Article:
Tidal energy

Japan develops tidal energy as part of US$501 million project


Japan’s New Energy and Industrial Technology Development Organization (NEDO) has selected IHI Corp. and Toshiba Corp. to research and develop an underwater floating-type ocean current tidal energy turbine system as part of a US$501 million effort for sustainable, renewable energy.

The specific location for the system and its generating capacity are not immediately known.

The system includes power generation devices that each have two counter-rotating turbines. Each unit is anchored to the sea floor and floats like a kite carried and driven by the ocean current, according to Toshiba.

IHI is a heavy equipment manufacturer that produces a multitude of products including marine propellers. Toshiba is a widely-recognized electronics manufacturer.

“IHI is the lead company in the project and will manufacture the turbine and floating body,” said Toshiba and IHI in a joint press release. “Toshiba will supply electric devices, such as the generator and transformer.”

The project is the latest step in a NEDO-funded project begun in 2011 that involves Toshiba and IHI, with the University of Tokyo and Mitsui Global Strategic Studies Institute, in ocean energy research. An exact completion date for deployment of the system has not been announced, but the project is expected to continue until 2017.

The research work is expected to prove the viability of ocean energy power generation and to create the framework for an industry, and also to contribute to improved energy security for Japan, according to Toshiba.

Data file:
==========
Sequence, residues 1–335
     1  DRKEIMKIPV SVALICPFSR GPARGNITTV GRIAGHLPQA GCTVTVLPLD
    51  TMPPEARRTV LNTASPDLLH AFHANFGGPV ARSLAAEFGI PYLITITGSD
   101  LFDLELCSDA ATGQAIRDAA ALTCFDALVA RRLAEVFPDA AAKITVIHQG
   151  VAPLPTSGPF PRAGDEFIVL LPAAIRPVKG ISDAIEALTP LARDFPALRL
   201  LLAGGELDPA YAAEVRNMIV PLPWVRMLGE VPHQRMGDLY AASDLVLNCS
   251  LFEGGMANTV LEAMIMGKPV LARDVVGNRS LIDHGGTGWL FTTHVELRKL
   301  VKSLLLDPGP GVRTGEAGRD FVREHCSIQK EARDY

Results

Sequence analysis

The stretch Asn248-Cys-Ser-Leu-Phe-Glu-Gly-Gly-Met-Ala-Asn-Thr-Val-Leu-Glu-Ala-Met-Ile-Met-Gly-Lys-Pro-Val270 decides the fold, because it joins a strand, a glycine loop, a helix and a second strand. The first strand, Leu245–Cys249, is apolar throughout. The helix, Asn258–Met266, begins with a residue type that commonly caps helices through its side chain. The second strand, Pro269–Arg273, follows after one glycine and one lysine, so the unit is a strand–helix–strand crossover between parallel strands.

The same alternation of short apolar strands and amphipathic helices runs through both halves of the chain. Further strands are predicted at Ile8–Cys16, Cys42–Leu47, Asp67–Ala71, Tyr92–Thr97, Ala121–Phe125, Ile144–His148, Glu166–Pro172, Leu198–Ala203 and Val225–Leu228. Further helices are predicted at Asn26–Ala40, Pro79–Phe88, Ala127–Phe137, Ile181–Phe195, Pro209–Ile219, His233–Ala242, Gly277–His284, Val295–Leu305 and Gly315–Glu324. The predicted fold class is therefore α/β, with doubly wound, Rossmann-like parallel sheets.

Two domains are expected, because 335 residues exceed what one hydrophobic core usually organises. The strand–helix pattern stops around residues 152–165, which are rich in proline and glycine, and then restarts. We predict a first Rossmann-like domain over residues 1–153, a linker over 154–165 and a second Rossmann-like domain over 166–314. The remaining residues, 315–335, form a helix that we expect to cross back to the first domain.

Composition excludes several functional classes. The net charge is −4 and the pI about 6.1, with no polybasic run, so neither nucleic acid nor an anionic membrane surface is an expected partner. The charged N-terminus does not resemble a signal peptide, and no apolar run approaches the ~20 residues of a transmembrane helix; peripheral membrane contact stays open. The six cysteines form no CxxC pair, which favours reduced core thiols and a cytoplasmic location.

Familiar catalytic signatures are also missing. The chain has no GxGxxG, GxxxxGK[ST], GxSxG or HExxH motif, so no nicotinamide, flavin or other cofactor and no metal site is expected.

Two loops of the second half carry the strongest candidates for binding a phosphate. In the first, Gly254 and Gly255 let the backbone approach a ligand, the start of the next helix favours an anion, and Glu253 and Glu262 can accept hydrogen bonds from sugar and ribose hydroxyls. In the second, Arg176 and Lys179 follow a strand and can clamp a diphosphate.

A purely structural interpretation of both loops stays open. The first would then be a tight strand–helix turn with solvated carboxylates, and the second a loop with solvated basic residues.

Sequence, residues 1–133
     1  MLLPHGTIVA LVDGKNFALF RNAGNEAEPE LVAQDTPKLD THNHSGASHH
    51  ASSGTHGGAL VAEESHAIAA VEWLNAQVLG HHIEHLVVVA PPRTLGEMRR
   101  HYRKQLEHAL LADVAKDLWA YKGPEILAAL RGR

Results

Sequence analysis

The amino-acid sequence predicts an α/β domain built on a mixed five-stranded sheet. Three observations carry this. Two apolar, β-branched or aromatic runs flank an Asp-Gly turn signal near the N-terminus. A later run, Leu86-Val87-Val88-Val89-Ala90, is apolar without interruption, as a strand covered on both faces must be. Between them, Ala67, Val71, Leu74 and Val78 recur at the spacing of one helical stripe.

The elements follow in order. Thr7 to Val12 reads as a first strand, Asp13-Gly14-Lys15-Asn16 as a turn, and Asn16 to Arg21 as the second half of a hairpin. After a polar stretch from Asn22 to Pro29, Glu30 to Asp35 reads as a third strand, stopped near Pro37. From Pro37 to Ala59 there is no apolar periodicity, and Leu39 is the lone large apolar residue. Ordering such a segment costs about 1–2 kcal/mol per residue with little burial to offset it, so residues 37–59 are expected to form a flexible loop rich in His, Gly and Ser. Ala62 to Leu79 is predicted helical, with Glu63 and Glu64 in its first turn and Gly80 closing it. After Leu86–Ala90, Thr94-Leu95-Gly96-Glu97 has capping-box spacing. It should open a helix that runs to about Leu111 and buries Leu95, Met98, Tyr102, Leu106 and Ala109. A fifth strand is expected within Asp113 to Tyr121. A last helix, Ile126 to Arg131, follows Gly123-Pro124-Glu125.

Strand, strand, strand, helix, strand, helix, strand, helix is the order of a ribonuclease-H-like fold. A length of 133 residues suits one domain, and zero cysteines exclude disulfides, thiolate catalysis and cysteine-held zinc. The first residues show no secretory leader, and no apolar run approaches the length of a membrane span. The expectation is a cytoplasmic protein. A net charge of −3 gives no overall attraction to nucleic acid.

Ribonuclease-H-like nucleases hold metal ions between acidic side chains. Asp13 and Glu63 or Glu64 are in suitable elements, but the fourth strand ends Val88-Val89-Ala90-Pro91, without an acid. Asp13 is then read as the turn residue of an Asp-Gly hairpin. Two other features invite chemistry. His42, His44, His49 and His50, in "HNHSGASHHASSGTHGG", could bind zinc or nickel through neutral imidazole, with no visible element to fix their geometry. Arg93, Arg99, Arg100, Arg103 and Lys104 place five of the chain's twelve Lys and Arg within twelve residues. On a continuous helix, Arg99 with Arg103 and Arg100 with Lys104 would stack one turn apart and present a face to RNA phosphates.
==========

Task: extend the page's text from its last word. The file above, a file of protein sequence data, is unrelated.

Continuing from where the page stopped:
Ocean currents, such as the Kuroshio Current, are a natural energy resource with little fluctuation in flow regardless of time or season. In Japan, an island nation, success in converting the massive power of the ocean current will create a large-scale, stable power source.

Japan’s Ministry of Economy, Trade and Industry determines policy for and funds NEDO. NEDO is responsible for promoting energy research and development, environmental and industrial technologies and acquiring emission reduction credits through the Kyoto Protocol mechanisms.

Source: http://www.hydroworld.com/articles/2014/12/japan-develops-tidal-energy-as-part-of-us-501-million-project.html


Largest Tidal Stream Turbine Power Plant In The World To Begin Construction

January 2nd, 2015 by
Originally published on RenewEconomy.
By Sophie Vorrath

Construction of the world’s largest tidal stream turbine power plant looks set to begin next month in Scotland, after the project’s majority owners – the Australian-founded and managed company, Atlantis Resources – got the go-ahead to start drawing on government grant money.

The-coast-of-Caithness-Sc-012-300x180Atlantis said last week that its flagship MeyGen project had met all the conditions required to start drawing down finance through the UK’s Renewable Energy Investment Fund.

The huge tidal energy plant will comprise 269 turbines, installed on the seabed at Ness of Quoys in Caithness, north-east Scotland. It will have the potential to power nearly 175,000 homes and a total capacity of almost 400MW once completed.

In August, Atlantis raised around $US83 million towards the tidal project’s construction, to be used to finance the installation of four 1.5MW turbines in Scotland’s Pentland Firth – a small portion of the 86MW planned for the project’s demonstration phase.

In an announcement to investors on Friday, the LSE-listed company said onshore construction at the project site was expected to commence in January 2015, with ABB – the project’s major design and construction contractors – due to start building infrastructure for connection to the electricity transmission grid for power export.

Atlantis expects the first supply of tidal power to be delivered to the national grid in 2016, and to have about 60 turbines installed and delivering power by 2020.

Read more here: http://cleantechnica.com/2015/01/02/largest-tidal-energy-plant-world-begin-construction/